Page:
Up the Nam Ou
Our explorations of Laos have taken us into the largely roadless eastern Phongsali Province. The main artery into the region is the Nam Ou, a river that cuts through some dramatic karst scenery, stretches of jungle, and a series of river villages accessible only by boat. The region is quite beautiful, although the hideous, smoke-filled skies kill the thrill a bit.
Traveling here is time-consuming and tough, harkening back to the “good ol’ days” when the journey itself was the attraction. Gone are the tourist hordes, instead each turn reveals a riverscape recalling another age.
Our journey up the Nam Ou is taking place very late in the dry season and river travel will be coming to an end at any moment. Our boat pilots were extremely skilled and quite cautiously navigated the rocky outcroppings, underwater growth, and sand bars, all of which become much more challenging this late in the season.
The hairiest part of the journey was working our way up the many sets of rapids. With such low water, much rock was exposed and the normally smooth river had become far more challenging. Constant scraping, bangs and jolting boat movements left us wondering if we, and our backpacks, might not end up in the river at some point. (Not such a nice concept with our laptops and cameras on board.)
We really thought a dip was inevitable when, half-way up a steep staircase of rapids, our propeller broke and we started to slide backwards down the river. Amazingly, our pilot gunned the motor and struggled against the current managing to reach the top of the rapids with only half a propeller.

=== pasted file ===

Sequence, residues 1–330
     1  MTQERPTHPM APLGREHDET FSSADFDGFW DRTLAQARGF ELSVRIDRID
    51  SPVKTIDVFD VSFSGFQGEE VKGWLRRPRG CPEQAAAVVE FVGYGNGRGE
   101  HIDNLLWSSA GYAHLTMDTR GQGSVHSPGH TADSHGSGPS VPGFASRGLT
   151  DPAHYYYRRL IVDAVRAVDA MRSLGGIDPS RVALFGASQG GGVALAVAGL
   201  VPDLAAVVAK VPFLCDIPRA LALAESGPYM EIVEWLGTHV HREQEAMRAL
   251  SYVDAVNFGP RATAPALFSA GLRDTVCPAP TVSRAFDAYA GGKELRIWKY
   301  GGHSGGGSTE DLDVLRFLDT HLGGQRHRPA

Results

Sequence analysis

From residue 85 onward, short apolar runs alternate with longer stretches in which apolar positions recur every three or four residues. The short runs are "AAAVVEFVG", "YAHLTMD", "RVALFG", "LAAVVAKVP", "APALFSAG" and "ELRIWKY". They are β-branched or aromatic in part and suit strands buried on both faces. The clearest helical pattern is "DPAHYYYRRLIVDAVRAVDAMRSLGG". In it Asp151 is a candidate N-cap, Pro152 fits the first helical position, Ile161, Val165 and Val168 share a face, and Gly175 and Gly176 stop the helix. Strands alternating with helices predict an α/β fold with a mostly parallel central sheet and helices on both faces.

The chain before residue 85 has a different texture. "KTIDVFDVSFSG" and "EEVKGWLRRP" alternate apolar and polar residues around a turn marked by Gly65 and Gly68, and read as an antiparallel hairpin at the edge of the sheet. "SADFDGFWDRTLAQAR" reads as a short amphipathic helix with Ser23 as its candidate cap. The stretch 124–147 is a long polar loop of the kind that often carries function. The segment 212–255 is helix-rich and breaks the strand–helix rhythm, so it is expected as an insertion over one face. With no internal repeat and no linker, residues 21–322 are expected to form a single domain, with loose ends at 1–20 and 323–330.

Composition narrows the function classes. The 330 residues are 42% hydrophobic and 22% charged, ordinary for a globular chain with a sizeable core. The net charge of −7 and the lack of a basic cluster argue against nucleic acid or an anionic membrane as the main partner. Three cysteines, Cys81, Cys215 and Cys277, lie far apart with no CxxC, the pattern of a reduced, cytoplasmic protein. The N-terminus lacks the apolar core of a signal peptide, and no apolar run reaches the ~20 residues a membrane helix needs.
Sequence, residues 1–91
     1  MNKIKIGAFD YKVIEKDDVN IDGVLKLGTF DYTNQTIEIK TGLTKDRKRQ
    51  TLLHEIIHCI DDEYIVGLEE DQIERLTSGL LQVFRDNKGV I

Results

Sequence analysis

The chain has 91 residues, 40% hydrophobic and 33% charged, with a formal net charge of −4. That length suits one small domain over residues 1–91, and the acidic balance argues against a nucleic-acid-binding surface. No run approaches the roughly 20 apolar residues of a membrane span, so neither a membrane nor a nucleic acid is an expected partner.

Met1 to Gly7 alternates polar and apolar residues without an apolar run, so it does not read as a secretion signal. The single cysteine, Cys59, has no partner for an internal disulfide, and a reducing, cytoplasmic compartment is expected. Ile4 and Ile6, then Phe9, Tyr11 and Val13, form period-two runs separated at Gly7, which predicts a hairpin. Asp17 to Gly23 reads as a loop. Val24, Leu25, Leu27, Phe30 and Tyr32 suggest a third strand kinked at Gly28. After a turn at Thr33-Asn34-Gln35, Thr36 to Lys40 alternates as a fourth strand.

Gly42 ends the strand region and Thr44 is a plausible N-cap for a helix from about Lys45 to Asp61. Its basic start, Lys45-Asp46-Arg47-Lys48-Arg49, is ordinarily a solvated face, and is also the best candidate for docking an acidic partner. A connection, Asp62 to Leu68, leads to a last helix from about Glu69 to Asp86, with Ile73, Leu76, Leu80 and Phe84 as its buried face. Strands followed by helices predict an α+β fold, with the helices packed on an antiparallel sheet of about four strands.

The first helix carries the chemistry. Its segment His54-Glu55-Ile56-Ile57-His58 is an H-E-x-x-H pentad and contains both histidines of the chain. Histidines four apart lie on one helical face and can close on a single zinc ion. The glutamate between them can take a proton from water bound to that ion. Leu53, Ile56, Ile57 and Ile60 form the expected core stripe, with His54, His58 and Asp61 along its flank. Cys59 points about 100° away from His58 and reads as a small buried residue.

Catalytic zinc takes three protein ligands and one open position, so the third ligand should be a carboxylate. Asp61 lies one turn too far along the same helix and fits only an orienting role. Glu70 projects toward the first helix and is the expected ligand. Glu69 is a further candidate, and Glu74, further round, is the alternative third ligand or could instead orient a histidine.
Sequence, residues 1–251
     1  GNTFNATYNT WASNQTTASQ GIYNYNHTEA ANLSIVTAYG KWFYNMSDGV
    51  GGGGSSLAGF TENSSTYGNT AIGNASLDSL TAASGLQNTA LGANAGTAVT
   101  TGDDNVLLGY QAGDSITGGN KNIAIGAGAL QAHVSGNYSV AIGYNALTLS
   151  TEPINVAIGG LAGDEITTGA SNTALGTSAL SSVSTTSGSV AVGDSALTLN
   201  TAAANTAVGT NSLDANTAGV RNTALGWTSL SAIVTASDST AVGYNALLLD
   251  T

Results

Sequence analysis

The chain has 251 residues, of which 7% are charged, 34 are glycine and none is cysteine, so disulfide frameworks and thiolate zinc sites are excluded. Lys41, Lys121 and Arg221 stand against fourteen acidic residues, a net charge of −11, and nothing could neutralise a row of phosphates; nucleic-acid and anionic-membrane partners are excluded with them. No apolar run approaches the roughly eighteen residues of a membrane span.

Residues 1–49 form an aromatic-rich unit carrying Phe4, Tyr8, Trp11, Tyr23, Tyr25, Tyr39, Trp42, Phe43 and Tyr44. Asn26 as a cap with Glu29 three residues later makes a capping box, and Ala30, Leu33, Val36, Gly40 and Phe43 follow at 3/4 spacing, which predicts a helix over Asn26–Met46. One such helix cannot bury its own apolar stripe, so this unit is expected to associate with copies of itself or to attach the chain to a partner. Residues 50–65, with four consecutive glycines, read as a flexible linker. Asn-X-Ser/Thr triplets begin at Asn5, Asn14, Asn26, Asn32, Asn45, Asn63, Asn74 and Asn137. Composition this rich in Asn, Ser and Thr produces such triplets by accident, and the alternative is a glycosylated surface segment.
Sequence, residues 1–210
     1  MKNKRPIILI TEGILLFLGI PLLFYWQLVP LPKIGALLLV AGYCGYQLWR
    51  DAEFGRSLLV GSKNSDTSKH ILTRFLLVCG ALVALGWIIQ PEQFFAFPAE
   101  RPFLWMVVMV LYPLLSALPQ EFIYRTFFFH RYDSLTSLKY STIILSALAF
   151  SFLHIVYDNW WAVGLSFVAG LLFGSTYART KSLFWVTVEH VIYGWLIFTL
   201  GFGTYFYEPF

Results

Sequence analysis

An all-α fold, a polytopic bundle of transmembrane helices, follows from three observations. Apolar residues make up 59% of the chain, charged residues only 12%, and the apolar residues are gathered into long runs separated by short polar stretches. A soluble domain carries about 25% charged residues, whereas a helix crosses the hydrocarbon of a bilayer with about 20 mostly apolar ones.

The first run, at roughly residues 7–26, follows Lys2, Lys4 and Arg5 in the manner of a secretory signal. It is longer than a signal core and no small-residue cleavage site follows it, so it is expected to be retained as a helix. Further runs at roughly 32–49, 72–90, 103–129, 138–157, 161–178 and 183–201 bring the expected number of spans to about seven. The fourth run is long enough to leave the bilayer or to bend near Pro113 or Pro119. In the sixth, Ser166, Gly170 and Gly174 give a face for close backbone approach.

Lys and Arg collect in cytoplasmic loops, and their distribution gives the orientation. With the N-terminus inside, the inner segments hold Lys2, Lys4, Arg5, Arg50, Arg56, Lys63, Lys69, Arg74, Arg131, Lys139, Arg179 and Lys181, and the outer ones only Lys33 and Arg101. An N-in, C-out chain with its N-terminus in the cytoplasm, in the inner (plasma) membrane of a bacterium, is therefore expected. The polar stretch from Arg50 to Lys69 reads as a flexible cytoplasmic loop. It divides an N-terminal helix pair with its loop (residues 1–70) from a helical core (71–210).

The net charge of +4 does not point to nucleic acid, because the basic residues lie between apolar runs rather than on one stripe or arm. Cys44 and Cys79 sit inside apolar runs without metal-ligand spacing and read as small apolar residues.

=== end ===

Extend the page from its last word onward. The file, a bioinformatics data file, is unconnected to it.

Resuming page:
I was quite impressed, but clearly this was all in a normal day’s work. After slowly making our way to the next sandy river bank, the pilot opened a wooden box to reveal half a dozen new propellers. He popped a new one on and away we sped towards the next set of challenges.
Traveling Laos’ backcountry rivers is definitely a highlight of travel here. Unfortunately, new roads and high gas prices are making river travel less and less common in a country that used to travel extensively by river. That’s a bummer because epic river trips through the wilderness are hard to come by these days.
Info on Traveling up the Nam Ou
You can travel from Luang Prabang all the way to Hadsa Neua near Pongsali. We did the stretch from Nong Khiaw to Hadsa Neua with an overnight stop in Muang Khua. This trip takes about two days by motorized boat, but boats do not always run daily, so there might be some waiting involved.
The best time to travel the river is from November to February. In March, river levels can get so low that navigating the river becomes harder and river boats may stop service for a period of time. December and January can be quite cold, making river travel uncomfortable.
Remember that field burn-off continues from mid-March through May. Travel in Laos is not recommended during this period.